Notes from Provincetown: Seeing

grey-skies

It is raining outside and I am in my room, looking over the bay in Provincetown.

I woke up about 6:30 and headed out to one of the beaches at the end of the cape. No one was there and I just walked. The rain had not started, but you could smell it in the air, a heavy, pregnant smell. The wind was blowing and I was glad for the windbreaker I bought last spring in the offseason. The seagulls were out in abundance, and the soundscape was of waves and birds calling out.

I walked for about an hour, then called the woman I love. I had asked her to join me, but since I decided to come on such short notice, she could not redo work to be here. The next best thing would be to talk to her while I was walking on the beach.

“You sound stronger.” she said.

I never thought about that. About being stronger or weaker. But recharging our internal batteries, our spirits, our souls does make us stronger, no matter what form it comes in. And yet, we do is so rarely. We work hard. Play hard. Fill our every hour with activity. Go to the gym to make our bodies strong. Go to classes to make our brains strong. Some of us go to religious services to make our spirituality strong.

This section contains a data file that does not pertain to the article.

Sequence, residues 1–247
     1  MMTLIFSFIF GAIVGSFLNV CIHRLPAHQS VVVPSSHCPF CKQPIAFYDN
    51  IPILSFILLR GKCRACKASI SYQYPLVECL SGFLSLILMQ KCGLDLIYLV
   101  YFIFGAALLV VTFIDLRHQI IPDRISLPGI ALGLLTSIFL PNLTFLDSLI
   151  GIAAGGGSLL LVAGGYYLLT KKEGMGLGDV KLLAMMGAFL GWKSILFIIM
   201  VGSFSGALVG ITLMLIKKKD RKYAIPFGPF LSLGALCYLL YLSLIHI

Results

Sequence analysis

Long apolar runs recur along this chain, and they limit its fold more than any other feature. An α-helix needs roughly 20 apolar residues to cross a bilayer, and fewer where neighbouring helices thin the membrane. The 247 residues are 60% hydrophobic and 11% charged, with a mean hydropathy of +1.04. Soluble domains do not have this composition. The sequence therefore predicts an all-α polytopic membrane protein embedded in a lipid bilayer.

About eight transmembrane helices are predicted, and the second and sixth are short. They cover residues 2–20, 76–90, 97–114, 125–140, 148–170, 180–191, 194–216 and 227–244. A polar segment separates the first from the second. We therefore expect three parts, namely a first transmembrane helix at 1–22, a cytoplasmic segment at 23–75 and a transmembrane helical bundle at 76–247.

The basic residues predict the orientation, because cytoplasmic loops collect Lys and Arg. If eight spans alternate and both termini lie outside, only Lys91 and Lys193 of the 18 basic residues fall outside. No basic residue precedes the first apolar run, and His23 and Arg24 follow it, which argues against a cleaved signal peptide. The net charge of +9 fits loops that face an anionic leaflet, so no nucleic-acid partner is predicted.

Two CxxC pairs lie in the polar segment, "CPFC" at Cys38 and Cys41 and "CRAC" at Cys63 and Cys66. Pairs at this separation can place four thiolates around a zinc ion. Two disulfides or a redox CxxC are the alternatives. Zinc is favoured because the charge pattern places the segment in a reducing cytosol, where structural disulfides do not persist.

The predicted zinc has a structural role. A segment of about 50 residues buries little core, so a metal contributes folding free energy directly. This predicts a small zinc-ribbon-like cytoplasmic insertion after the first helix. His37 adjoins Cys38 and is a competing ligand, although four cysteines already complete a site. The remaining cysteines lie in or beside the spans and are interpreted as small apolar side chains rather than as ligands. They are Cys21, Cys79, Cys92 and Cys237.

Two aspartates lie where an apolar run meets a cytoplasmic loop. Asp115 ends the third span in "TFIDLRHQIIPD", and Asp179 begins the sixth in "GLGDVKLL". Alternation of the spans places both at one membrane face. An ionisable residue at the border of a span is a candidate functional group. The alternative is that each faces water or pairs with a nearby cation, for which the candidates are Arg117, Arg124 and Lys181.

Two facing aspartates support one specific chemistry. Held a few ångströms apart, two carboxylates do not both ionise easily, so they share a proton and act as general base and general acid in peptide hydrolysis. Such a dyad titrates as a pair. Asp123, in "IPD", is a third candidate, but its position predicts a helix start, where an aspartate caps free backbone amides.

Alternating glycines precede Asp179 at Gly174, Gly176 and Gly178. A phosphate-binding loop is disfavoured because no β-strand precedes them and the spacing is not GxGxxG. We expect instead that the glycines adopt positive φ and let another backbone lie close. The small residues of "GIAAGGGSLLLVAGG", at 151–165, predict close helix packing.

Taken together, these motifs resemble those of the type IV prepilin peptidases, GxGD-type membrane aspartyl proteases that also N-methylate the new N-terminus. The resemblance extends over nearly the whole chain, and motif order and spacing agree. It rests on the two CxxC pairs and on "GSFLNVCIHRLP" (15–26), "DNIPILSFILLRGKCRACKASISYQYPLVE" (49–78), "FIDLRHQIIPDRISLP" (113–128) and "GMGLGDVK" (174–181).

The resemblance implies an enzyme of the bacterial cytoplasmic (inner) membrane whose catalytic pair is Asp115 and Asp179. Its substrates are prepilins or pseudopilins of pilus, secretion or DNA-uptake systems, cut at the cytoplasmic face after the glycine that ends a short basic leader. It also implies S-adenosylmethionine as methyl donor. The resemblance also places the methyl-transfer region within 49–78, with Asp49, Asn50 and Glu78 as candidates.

And we neglect the time to refresh our own spirits. To let them settle.

There are a few people whose spirits are so strong that they don’t get scrambled by so-called “real life.” A few. A very few. I’m not one of them. I like being able to be active. I like being effective, helping others, making a difference, my work, all of it. I like the activities I am part of. But too much…. and I am less good at everything I do. I talk and write of erosion a lot, because I believe it happens a lot, and most of the painful things in my life have been caused by a long slow erosion more than by a single event. Enough of them in fact, that I have made it one of my self-care missions to not let that happen to me again.

Years into it, so far, so good.